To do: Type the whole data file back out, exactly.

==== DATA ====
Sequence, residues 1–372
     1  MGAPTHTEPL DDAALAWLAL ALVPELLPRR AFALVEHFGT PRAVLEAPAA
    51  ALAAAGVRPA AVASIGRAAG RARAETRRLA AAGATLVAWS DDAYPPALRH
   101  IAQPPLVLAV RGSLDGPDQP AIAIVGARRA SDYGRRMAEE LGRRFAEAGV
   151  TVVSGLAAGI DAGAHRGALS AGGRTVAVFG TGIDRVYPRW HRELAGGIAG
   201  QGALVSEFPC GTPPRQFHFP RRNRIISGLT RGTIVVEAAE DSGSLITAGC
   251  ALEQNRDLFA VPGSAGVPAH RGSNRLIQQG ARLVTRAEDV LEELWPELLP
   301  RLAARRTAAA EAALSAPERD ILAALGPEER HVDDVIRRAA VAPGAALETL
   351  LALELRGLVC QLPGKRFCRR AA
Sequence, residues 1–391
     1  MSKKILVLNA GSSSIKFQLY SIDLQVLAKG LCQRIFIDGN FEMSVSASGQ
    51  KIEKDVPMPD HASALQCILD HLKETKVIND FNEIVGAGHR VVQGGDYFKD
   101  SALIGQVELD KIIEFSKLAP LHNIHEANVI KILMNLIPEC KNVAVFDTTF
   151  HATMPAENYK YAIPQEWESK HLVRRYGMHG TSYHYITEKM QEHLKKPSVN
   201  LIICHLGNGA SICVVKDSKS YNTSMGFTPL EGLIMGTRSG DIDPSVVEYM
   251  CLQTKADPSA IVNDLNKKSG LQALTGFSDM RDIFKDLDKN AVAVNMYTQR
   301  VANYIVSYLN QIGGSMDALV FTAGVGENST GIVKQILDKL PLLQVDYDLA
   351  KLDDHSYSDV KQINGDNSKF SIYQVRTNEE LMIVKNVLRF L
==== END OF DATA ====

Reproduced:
Sequence, residues 1–372
     1  MGAPTHTEPL DDAALAWLAL ALVPELLPRR AFALVEHFGT PRAVLEAPAA
    51  ALAAAGVRPA AVASIGRAAG RARAETRRLA AAGATLVAWS DDAYPPALRH
   101  IAQPPLVLAV RGSLDGPDQP AIAIVGARRA SDYGRRMAEE LGRRFAEAGV
   151  TVVSGLAAGI DAGAHRGALS AGGRTVAVFG TGIDRVYPRW HRELAGGIAG
   201  QGALVSEFPC GTPPRQFHFP RRNRIISGLT RGTIVVEAAE DSGSLITAGC
   251  ALEQNRDLFA VPGSAGVPAH RGSNRLIQQG ARLVTRAEDV LEELWPELLP
   301  RLAARRTAAA EAALSAPERD ILAALGPEER HVDDVIRRAA VAPGAALETL
   351  LALELRGLVC QLPGKRFCRR AA
Sequence, residues 1–391
     1  MSKKILVLNA GSSSIKFQLY SIDLQVLAKG LCQRIFIDGN FEMSVSASGQ
    51  KIEKDVPMPD HASALQCILD HLKETKVIND FNEIVGAGHR VVQGGDYFKD
   101  SALIGQVELD KIIEFSKLAP LHNIHEANVI KILMNLIPEC KNVAVFDTTF
   151  HATMPAENYK YAIPQEWESK HLVRRYGMHG TSYHYITEKM QEHLKKPSVN
   201  LIICHLGNGA SICVVKDSKS YNTSMGFTPL EGLIMGTRSG DIDPSVVEYM
   251  CLQTKADPSA IVNDLNKKSG LQALTGFSDM RDIFKDLDKN AVAVNMYTQR
   301  VANYIVSYLN QIGGSMDALV FTAGVGENST GIVKQILDKL PLLQVDYDLA
   351  KLDDHSYSDV KQINGDNSKF SIYQVRTNEE LMIVKNVLRF L